Recruiting top graduates to work in jails will improve a maligned service and lift inmates’ chances of rehabilitation.
In the 1970s BBC sitcom Porridge, Fletch, the prisoner played by Ronnie Barker, describes a friend who got into debt and had too many fights. “His brain went soft, his reflexes went. [He] just became like a vegetable — an incoherent non-thinking zombie.” The punchline is perhaps predictable. “He joined the prison service as a warder. Doing very well.”
Read more The Times: High-flyers can give new purpose to prisons
If you could pick a first job for someone leaving university this summer, “prison officer” would probably rank as one of the most challenging.
Inspectors’ reports have repeatedly said that officers in some prisons had all but lost control and that in some it’s easier for prisoners to get drugs than clean clothes. Officers have described the lawlessness and violence of prison life, caused in no small part by overcrowding and a surge in the use of synthetic drugs.
Read more BuzzFeed: Meet The Graduates Who Want To Solve Britain’s Prison Crisis
The cost of reoffending has been laid bare today. New analysis by the charity Unlocked Graduates has revealed that each former prisoner who reoffends costs a staggering £600,000 a year to the economy. It is ordinary taxpayers who foot most of this bill, so it is in everybody’s interest to address the damage done by reoffending.
Read more The Times: It makes financial sense to reduce the reoffending rate and makes us all safer
Of 56,000 prisoners released each year, only four in ten end up in jobs or training – which substantially reduces risk of committing another crime.
ALL of Britain’s biggest firms should hire an ex-offender to save at least £1billion a year, campaigners say.
Out of 56,000 prisoners released from jail every year – only four in ten – or 24,000 – end up in jobs or training.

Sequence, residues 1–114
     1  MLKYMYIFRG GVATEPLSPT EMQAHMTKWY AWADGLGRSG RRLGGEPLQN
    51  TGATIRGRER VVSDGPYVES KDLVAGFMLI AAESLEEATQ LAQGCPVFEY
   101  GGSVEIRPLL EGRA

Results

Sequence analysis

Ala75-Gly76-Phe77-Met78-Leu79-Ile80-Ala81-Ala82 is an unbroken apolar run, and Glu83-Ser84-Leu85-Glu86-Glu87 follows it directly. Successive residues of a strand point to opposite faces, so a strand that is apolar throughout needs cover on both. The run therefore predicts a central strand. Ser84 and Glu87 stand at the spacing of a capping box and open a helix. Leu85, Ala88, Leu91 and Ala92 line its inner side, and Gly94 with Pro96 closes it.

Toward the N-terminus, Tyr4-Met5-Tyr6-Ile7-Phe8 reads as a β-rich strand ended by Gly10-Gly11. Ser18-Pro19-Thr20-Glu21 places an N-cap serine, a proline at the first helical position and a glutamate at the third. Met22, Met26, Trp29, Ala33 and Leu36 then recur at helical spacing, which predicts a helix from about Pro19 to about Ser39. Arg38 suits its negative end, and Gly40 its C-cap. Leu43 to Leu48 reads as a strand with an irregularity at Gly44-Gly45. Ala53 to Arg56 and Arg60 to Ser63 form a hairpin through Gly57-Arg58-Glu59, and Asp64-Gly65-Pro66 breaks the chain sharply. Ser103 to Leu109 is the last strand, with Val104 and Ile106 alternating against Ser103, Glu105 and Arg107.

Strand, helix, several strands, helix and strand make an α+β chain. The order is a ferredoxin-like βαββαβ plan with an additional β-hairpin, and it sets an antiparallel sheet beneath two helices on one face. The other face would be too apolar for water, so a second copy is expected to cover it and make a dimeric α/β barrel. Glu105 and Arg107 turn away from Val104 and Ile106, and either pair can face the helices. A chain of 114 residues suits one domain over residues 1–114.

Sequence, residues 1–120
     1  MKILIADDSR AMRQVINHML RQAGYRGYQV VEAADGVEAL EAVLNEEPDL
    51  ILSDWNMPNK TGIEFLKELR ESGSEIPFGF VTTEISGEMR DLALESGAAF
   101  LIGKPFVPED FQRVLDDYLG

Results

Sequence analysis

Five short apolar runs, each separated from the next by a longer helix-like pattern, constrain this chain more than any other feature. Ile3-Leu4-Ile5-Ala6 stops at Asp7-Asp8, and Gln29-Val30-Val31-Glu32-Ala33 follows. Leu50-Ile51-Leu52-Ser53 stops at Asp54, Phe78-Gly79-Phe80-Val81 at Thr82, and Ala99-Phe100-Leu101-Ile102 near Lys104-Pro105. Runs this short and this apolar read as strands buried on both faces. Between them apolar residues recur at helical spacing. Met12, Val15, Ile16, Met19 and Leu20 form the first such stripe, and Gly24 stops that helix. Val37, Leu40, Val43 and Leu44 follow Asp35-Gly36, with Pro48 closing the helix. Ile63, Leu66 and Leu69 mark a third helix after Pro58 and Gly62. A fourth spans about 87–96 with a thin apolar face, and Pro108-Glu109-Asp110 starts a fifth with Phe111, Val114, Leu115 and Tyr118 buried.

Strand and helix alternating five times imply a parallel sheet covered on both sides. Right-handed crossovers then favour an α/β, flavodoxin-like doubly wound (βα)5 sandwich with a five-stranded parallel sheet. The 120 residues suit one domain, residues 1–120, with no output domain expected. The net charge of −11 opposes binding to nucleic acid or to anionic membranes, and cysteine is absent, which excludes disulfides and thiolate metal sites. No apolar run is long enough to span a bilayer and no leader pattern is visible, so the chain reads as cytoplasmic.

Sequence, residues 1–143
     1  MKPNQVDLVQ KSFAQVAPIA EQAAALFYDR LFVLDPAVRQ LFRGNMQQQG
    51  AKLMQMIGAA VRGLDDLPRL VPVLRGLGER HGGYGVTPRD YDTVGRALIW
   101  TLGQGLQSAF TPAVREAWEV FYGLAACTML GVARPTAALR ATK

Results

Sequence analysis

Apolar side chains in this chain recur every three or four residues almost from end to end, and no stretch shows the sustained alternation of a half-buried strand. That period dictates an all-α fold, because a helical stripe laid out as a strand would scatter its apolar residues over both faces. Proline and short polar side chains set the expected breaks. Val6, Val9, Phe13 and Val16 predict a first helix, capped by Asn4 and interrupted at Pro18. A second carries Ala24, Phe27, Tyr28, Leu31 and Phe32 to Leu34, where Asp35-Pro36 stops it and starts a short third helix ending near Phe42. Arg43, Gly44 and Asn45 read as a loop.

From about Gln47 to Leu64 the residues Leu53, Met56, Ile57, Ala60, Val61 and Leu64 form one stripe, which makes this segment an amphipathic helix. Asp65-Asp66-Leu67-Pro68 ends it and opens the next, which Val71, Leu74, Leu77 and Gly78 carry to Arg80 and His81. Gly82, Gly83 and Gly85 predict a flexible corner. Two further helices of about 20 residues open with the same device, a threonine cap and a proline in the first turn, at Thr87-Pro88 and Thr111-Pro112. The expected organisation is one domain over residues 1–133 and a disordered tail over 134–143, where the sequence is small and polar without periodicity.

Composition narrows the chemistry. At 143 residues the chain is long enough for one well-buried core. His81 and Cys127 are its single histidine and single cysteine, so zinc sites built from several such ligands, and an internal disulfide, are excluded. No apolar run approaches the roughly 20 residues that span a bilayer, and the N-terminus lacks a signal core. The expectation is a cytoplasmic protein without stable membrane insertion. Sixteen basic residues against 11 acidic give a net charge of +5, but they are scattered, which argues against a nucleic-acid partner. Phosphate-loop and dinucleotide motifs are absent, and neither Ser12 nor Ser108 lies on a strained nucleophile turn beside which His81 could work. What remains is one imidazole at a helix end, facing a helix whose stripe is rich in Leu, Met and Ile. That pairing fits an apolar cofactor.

Read more The Sun: A BANG UP JOB Britain’s biggest firms should hire an ex-prisoner to cut re-offending and save taxpayers £1bn a year, campaigners say
The government is backing a new scheme to get graduates working in the prison service, only days after disturbances at HMP Birmingham.
Graduates will work alongside frontline staff after an intensive training course in the summer and complete a master’s degree at the same time.
Trainees will earn £20,545 – a prison officer’s starting salary – during the two-year scheme in England and Wales.
Read more BBC News: Graduates fast-tracked into prison service
Our jails are at capacity and reoffending rates sky high. But a new graduate recruitment scheme that puts rehabilitation at its core offers real hope.
As the disturbances in Birmingham showed, our prison system is in urgent need of improvement. The justice secretary is surely right to emphasise the need both to restore stability and deliver reform. The recruitment of 2,500 extra prison officers will help make prisons the secure places expected by the public – and deliver the stability we need if reform is to become a reality.
Read more The Guardian: Bravo, Liz Truss. Unlocked could bring much needed change to our prisons.
The Secretary of State for Justice backs Unlocked’s mission to raise the status of prison officers and to bring down reoffending rates.
Prison officers are the unsung heroes of the public sector and society should value the incredibly challenging and complex nature of their job, according to Unlocked, an independent charity which is launching a new scheme to encourage high-flying graduates to join the prison service.
Read more New scheme unveiled to attract top graduates to become prison officers